On a sandy promontory overlooking the desert that stretches to Syria and Jordan in western Iraq, U.S. Army officers and Iraqi police officials were discussing the future.
The Americans' concept of the future involved the Iraqis taking responsibility for catching insurgent smugglers and bomb-makers along the two freeways that stretch from the border region to Baghdad.
The future starts now, Capt. Ian Lauer told Iraqi police Col. Jassim Mohammed Ali, who served in the Iraqi army's special forces under the late Saddam Hussein.
"We've got to force them to have confidence," Lauer said. "They'll spend years saying they're not ready."
Ali, a broad-chested veteran of the 1991 Persian Gulf War, insisted that he was ready for the challenge.
"If we see bad people, we will arrest them," he said through an interpreter. "If they fight us, we will show no mercy. If they use one bullet, we will use two. If they use 10, we will use 100."
As part of the U.S. plan to withdraw from Al Anbar province and hand over security duties to the Iraqi army and police force, the Army's Task Force 1-77 Armor is ceding the desolate area 25 miles west of Ramadi to Ali's "emergency response unit," the Iraqi version of a SWAT team.
The unit's troops carry Soviet weapons once used by Hussein's army. They drive Ford trucks supplied by the United States, but they lack body armor and have only rudimentary communications gear.
"Sometimes you feel, 'We're forcing them to do stuff,' and then you think, 'Hey, it's your country,' " said Lauer, commander of the 1-77's Charlie Company. "Even if they had the equipment we have, some would complain."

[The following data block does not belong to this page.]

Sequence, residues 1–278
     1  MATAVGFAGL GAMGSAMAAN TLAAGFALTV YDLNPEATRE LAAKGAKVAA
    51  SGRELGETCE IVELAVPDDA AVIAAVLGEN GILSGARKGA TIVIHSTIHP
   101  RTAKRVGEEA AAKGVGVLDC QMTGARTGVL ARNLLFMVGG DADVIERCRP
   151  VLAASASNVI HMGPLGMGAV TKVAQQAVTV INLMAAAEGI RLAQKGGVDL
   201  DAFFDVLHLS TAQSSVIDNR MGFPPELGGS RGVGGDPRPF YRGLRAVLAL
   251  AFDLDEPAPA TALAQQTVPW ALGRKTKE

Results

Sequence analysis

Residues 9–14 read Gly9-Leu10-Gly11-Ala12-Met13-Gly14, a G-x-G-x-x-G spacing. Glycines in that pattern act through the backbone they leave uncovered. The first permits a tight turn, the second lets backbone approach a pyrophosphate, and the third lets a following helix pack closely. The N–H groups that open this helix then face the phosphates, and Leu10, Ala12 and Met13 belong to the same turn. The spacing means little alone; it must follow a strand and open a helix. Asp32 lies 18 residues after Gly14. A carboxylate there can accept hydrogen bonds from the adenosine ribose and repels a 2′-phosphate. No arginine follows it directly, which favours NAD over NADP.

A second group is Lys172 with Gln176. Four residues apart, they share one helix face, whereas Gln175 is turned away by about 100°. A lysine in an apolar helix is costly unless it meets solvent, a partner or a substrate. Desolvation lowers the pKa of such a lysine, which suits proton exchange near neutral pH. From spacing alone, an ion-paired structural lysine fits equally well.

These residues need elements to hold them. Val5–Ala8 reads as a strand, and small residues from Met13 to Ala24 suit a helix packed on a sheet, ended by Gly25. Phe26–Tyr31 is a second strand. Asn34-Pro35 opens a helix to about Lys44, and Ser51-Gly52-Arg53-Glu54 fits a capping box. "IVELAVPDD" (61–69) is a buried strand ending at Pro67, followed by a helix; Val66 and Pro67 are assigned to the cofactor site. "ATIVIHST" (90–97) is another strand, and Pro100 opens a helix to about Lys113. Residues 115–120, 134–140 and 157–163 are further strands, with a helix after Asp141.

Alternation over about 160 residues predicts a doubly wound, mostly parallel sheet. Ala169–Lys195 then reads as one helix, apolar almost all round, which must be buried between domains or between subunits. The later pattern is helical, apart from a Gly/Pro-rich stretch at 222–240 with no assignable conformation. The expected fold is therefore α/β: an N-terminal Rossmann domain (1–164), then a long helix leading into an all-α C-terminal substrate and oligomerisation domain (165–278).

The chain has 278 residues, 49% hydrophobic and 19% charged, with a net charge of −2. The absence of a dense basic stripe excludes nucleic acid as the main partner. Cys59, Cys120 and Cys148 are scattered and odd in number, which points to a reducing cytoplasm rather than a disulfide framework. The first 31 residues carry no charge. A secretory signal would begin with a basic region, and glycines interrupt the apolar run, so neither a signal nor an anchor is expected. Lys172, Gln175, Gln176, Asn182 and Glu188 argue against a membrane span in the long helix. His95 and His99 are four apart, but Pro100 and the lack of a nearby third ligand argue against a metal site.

The process of turning over responsibility to the Iraqis is slow and incremental. For instance, U.S. forces may be turning over freeway security to the Iraqis -- a largely symbolic move -- but cannot yet give them responsibility for the transport of prisoners on those freeways.
Just minutes after the meeting with Ali and his troops, Lauer's convoy went to an Iraqi police station to pick up a suspected insurgent.
Iraqi police said the skinny 17-year-old had confessed to making bombs and stealing a weapon from a Humvee that had been bombed.
Across Al Anbar, judges and prosecutors have been targeted or intimidated. Many court buildings are a shambles and court personnel are dead, in hiding or have fled the country, officials said. Thus, the chore of detaining the suspected insurgent and shipping him to Baghdad for trial fell to U.S. forces.
In the roundabout world of Iraqi justice, suspects go from Iraqi custody to American custody; then U.S. officials sift through evidence submitted by Iraqi police to determine whether it would be sufficient in an Iraqi court.
Lauer checked the blindfolded suspect for signs of torture and found none.
"I am taking you into American custody," he said. At day's end, the Iraqi was at Camp Ramadi, the nearby U.S. base.
Ali, on the promontory with an icy wind blowing in from Syria more than 100 miles to the west, said that before the Americans came, he was once stationed at Camp Ramadi.
"Hopefully," Lauer said, "you'll be there again someday."